The research also indicates that the banana-shaped magma chamber of molten rock a few miles beneath Yellowstone is 20 percent larger than previously believed, so a future cataclysmic eruption could be even larger than thought.
The studies of Yellowstone's plume also suggests the same "hotspot" that feeds Yellowstone volcanism also triggered the Columbia River "flood basalts" that buried parts of Oregon, Washington state and Idaho with lava starting 17 million years ago.
Seismic imaging was used by University of Utah scientists to construct this 3-D picture of the Yellowstone hotspot plume of hot and molten rock that feeds the shallower magma chamber (not shown). Researchers believe "blobs" of hot rock float off the top of the plume, then rise to recharge the magma chamber located 3.7 miles to 10 miles beneath the surface at Yellowstone. The illustration also shows a region of warm rock extending southwest from near the top of the plume. It represents the eastern Snake River Plain, where the Yellowstone hotspot triggered numerous cataclysmic caldera eruptions before the plume started feeding Yellowstone 2.05 million years ago.
"We have a clear image, using seismic waves from earthquakes, showing a mantle plume that extends from beneath Yellowstone,'' says University of Utah Geophysicist Robert Smith.
The plume angles downward 150 miles to the west-northwest of Yellowstone and reaches a depth of at least 410 miles, Smith says. The study estimates the plume is mostly hot rock, with 1 percent to 2 percent molten rock in sponge-like voids within the hot rock.
Some researchers have doubted the existence of a mantle plume feeding Yellowstone, arguing instead that the area's volcanic and hydrothermal features are fed by convection – the boiling-like rising of hot rock and sinking of cooler rock – from relatively shallow depths of only 185 miles to 250 miles.
Some 17 million years ago, the Yellowstone hotspot was located beneath the Oregon-Idaho-Nevada border region, feeding a plume of hot and molten rock that produced "caldera" eruptions – the biggest kind of volcanic eruption on Earth.
As North America slid southwest over the hotspot, the plume generated more than 140 huge eruptions that produced a chain of giant craters – calderas – extending from the Oregon-Idaho-Nevada border northeast to the current site of Yellowstone National Park, where huge caldera eruptions happened 2.05 million, 1.3 million and 642,000 years ago.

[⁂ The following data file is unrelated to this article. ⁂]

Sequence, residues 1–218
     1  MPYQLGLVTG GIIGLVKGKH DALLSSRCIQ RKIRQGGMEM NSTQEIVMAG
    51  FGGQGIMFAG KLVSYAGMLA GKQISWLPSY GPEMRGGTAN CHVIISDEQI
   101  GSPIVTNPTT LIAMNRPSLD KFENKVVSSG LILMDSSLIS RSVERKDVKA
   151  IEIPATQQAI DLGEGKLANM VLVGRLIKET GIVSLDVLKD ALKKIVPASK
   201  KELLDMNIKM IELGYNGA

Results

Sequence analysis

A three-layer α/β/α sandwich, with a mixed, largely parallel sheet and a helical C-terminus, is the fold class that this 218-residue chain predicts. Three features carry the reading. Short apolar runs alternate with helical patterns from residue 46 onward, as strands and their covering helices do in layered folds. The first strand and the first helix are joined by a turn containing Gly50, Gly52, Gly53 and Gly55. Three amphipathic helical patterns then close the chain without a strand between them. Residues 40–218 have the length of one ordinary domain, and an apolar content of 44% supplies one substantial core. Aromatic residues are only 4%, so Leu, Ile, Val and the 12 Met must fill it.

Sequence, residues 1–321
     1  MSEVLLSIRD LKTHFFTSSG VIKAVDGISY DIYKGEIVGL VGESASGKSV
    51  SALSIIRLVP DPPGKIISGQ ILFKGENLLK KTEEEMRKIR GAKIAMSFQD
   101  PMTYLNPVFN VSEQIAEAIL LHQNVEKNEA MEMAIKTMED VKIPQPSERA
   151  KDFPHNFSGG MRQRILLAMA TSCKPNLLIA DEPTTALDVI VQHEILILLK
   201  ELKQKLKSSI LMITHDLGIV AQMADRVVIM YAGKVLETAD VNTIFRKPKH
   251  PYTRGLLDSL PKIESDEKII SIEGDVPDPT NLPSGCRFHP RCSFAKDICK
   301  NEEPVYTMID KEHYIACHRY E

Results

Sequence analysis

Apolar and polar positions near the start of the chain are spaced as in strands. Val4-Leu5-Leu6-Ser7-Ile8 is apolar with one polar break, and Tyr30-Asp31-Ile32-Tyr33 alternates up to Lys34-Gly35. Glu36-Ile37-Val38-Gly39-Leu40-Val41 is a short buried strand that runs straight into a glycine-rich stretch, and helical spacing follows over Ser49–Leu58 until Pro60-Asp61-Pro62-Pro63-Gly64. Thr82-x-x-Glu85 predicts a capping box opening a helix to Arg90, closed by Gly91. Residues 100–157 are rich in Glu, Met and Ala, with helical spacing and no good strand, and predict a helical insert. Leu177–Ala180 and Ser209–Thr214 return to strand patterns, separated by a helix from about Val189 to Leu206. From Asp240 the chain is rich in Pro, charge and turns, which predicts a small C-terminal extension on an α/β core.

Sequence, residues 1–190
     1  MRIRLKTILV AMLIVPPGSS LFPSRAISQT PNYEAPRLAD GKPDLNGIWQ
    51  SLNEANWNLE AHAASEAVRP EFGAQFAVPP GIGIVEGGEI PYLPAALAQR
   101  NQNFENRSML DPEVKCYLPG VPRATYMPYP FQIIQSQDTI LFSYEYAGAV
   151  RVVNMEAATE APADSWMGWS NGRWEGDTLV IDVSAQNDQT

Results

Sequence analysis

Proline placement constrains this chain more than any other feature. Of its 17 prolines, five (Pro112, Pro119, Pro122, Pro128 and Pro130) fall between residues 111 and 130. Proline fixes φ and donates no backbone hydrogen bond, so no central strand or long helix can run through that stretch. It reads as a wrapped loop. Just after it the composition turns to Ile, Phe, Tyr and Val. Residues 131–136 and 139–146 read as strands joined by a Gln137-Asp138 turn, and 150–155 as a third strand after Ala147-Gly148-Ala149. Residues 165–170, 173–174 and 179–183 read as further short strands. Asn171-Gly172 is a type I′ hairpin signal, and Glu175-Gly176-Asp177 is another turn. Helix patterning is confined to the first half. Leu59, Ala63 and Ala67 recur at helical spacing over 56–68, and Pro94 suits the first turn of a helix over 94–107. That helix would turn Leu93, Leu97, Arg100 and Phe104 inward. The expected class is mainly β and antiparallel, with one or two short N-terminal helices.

These eruptions were 2,500, 280 and 1,000 times bigger, respectively, than the 1980 eruption of Mount St. Helens. The eruptions covered as much as half the continental United States with inches to feet of volcanic ash. The Yellowstone caldera, 40 miles by 25 miles, is the remnant of that last giant eruption.
The new study reinforces the view that the hot and partly molten rock feeding volcanic and geothermal activity at Yellowstone isn't vertical, but has three components:
The 45-mile-wide plume that rises through Earth's upper mantle from at least 410 miles beneath the surface. The plume angles upward to the east-southeast until it reaches the colder rock of the North American crustal plate, and flattens out like a 300-mile-wide pancake about 50 miles beneath Yellowstone. The plume includes several wider "blobs" at depths of 355 miles, 310 miles and 265 miles.
"This conduit is not one tube of constant thickness," says Smith. "It varies in width at various depths, and we call those things blobs."
A little-understood zone, between 50 miles and 10 miles deep, in which blobs of hot and partly molten rock break off of the flattened top of the plume and slowly rise to feed the magma reservoir directly beneath Yellowstone National Park.
A magma reservoir 3.7 miles to 10 miles beneath the Yellowstone caldera. The reservoir is mostly sponge-like hot rock with spaces filled with molten rock. "It looks like it's up to 8 percent or 15 percent melt," says Smith. "That's a lot."
Researchers previously believed the magma chamber measured roughly 6 to 15 miles from southeast to northwest, and 20 or 25 miles from southwest to northeast, but new measurements indicate the reservoir extends at least another 13 miles outside the caldera's northeast boundary, Smith says.